Constantine 's Victory At The Milvian Bridge Essay

1066 Words Nov 15th, 2016 5 Pages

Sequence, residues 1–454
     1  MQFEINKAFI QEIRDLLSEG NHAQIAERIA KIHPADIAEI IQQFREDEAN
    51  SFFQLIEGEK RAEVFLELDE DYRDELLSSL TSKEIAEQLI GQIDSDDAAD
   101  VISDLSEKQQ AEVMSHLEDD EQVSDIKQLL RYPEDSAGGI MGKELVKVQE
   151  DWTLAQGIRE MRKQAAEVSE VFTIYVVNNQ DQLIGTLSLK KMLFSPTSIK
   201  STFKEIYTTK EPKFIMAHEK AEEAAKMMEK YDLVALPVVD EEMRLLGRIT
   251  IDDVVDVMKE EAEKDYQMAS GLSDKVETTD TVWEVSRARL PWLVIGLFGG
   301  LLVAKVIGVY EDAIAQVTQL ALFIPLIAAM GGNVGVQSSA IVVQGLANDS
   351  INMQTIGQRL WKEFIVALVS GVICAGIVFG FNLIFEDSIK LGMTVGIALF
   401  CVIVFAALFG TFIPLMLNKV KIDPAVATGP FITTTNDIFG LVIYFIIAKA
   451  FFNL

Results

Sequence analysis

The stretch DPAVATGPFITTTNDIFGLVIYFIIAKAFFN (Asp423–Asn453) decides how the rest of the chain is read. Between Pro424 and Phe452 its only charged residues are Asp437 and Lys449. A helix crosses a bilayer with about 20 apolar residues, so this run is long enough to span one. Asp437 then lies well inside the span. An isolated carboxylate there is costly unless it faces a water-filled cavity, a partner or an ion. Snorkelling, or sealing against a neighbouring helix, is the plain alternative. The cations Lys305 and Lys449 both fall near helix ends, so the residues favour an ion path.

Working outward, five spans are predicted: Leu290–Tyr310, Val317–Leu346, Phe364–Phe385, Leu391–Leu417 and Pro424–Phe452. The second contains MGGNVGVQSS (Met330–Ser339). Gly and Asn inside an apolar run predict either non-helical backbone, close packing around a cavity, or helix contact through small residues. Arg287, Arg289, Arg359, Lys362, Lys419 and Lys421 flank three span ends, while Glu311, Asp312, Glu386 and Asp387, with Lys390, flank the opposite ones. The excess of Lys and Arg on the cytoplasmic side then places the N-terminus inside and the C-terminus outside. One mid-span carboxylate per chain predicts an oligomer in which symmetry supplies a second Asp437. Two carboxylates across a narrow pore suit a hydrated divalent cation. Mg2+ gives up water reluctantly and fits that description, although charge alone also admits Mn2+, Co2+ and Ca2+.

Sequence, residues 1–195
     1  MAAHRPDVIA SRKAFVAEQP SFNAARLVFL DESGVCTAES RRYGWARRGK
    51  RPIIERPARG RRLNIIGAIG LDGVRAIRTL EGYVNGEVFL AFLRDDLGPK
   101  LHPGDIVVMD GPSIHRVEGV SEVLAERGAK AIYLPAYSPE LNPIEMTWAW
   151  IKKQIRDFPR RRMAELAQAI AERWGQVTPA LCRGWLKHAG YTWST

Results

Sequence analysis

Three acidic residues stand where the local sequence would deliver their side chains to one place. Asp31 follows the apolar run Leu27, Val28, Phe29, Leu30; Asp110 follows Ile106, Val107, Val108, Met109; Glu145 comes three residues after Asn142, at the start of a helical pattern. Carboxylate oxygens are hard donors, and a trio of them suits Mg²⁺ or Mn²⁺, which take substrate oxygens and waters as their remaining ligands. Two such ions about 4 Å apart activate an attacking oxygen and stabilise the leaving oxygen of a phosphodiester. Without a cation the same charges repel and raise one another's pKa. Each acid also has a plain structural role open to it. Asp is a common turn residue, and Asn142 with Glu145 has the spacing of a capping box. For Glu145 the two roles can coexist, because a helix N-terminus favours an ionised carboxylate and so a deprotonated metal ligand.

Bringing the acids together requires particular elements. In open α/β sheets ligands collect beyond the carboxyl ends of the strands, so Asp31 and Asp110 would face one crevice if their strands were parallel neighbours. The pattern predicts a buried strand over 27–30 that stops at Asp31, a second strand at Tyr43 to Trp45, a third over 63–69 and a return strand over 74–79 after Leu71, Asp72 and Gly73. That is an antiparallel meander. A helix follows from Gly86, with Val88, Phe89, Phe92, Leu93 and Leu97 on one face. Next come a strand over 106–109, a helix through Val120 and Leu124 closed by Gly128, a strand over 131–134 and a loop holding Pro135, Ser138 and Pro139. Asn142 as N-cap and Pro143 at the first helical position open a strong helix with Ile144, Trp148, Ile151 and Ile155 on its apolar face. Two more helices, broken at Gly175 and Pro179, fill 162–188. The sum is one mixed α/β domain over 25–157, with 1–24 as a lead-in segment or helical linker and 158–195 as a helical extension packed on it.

Constantine’s victory at the Milvian Bridge over the fellow but rival ruler of the Western Roman empire, Maxentius and his army, became a great triumph for the consolidation and growth of Constantine’s power and with it the development of Christianity. David Potter, author of Constantine the Emperor, argues that Flavius Valerius Aurelius Constantinus Augustus, or more commonly known as Constantine, “is best known as the emperor of Rome who converted to Christianity and in doing so made it possible for Christianity to become a world religion.” With the growth of Christianity Potter’s assertion is hard to argue – Constantine does indeed deserve his place as the most authoritative ancient force responsible for initially allowing the incubation of the vast faithful following of Christianity to develop to the scale it is today. Further, Potter states with this action that Constantine “changed the modern world” with his acceptance of Christianity (and all other religions) more than any other Roman emperor. But, these arguments are nothing new to the topic and are commonplace in the discourse surrounding Constantine’s place in the chronicles of the Roman world and its’ ruling elites. So, what makes David Potter’s contribution to the topic different? What Potter’s academic book attempts to add is a few different angles. One is in his approach by offering a different perspective to what is an already detailed scholarship on Constantine’s conversion to Christianity. His approach is…

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